From his Forbes column:
Secondly, and more importantly, the idea of discounting the future is fundamentally subversive.
Net present value is subversive now, is it?
Wherever there’s been mark-to-market or fair value accounting, executives in the financial world have used this technique to book profit and pay the bonuses made for themselves.
Sorry, NPV, mark to market and fair value accounting are all synonymous are they? Instead of being rather at odds with each other?
For example, your NPV might tell you that your holdings of option ARM mortgages are just fine and dandy. But the market might tell you that they\’re near worthless.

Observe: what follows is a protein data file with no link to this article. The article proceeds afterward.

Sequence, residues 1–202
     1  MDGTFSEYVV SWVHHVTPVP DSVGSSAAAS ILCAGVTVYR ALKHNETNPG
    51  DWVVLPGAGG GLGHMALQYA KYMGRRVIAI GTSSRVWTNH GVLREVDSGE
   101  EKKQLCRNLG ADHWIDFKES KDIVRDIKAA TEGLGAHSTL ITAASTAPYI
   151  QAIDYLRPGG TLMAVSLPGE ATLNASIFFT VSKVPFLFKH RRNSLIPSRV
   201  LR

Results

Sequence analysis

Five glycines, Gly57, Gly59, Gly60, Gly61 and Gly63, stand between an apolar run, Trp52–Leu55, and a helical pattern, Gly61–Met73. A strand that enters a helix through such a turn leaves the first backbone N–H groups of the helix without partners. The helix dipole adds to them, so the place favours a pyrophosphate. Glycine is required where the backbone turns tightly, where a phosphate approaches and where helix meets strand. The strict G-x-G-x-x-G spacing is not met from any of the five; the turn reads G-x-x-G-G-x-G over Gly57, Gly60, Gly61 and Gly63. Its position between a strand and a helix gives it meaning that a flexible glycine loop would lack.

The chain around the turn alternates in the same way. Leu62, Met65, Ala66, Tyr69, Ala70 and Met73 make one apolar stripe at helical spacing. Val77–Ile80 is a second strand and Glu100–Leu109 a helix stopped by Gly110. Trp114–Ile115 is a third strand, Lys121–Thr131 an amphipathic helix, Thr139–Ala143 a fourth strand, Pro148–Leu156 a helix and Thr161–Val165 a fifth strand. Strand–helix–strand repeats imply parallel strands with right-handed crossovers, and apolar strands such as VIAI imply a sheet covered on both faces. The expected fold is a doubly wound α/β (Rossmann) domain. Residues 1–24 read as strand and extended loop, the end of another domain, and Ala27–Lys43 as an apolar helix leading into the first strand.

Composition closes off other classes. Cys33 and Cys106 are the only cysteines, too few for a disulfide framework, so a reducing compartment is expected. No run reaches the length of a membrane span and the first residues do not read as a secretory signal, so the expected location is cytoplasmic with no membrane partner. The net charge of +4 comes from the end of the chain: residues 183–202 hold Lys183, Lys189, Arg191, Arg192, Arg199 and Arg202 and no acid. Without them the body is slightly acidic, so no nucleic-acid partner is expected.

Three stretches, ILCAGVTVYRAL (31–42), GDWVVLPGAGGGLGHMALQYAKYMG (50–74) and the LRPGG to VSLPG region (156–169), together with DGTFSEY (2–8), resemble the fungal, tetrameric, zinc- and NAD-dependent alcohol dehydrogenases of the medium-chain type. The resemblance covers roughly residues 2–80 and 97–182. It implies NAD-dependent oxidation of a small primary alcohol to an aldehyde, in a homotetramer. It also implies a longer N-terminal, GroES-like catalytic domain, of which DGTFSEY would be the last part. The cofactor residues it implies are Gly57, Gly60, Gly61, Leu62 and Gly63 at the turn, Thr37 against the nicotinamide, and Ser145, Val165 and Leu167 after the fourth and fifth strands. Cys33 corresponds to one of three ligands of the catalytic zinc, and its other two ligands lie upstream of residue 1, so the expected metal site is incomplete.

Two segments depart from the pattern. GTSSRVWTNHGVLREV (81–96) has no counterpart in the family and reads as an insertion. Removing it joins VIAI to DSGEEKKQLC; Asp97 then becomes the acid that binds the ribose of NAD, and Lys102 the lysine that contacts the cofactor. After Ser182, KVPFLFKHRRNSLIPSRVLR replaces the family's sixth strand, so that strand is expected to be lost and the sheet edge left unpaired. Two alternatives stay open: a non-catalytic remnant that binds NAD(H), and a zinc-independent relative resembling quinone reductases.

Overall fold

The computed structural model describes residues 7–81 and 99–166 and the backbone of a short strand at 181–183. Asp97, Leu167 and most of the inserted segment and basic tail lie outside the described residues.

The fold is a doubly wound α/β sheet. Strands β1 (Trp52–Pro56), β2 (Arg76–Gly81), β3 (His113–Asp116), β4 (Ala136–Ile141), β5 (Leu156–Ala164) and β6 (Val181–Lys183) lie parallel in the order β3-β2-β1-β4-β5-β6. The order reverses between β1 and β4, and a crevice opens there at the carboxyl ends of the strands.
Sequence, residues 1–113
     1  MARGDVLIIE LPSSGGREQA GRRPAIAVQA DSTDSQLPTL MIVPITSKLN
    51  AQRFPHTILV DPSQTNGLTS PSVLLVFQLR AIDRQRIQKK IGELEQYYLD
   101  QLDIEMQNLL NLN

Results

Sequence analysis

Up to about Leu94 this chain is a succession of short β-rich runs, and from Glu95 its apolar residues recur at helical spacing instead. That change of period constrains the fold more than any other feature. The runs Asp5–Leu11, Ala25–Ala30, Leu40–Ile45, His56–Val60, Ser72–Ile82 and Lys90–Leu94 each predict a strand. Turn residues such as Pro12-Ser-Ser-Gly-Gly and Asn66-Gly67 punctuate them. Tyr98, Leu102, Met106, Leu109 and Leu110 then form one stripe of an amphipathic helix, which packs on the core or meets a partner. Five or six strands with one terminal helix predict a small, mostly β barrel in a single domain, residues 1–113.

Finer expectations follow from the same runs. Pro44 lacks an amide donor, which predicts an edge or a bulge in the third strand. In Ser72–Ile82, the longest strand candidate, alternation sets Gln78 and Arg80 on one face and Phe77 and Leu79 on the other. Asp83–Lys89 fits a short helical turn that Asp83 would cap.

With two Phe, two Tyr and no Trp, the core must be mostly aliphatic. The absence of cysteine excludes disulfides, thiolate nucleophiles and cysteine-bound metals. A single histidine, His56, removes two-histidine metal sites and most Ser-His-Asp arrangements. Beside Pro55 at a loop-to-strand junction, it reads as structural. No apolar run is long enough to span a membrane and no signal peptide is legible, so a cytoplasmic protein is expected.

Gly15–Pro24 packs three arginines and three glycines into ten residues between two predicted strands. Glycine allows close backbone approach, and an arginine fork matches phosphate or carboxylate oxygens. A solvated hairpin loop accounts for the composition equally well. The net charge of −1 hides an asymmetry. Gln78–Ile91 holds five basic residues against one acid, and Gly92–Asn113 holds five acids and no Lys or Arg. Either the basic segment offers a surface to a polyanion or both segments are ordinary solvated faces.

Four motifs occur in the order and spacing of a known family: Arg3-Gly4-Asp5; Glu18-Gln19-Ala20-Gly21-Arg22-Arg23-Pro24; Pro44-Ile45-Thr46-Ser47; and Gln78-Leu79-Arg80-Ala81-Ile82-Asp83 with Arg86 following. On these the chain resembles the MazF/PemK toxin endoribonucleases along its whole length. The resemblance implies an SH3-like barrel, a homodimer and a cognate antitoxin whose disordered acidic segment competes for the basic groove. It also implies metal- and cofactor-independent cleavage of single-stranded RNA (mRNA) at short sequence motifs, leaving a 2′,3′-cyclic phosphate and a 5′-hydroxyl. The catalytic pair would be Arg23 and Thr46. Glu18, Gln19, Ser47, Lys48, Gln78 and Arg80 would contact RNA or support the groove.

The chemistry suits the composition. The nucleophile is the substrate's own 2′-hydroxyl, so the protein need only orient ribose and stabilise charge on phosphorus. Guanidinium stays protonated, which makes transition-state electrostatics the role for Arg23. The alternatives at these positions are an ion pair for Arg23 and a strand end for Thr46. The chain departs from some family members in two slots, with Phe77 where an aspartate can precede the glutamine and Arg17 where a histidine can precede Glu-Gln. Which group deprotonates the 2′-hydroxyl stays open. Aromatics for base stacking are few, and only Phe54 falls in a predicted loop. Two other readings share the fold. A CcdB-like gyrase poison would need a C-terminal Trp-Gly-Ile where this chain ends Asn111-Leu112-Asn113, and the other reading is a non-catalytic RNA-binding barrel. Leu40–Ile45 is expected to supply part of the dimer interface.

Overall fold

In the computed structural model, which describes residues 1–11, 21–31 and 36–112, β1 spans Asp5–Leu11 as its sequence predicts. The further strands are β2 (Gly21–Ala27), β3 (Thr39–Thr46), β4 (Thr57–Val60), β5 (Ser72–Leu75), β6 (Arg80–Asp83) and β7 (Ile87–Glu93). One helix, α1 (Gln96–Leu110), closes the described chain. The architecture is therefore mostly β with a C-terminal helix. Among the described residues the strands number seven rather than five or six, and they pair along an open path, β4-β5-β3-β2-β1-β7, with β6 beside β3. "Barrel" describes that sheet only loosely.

Which is correct in the long term is moot for this point: to claim that both valuation processes are exactly the same thing is absurd.
I have a feeling that what he\’s done is take the theoretical (and obviously true) point that the value of something today is the value of all future returns to it discounted at the appropriate interest rate and assume that prices in markets are exactly this.
Entirely missing out his hero Keynes\’ points about animal spirits.
How did he get a column there?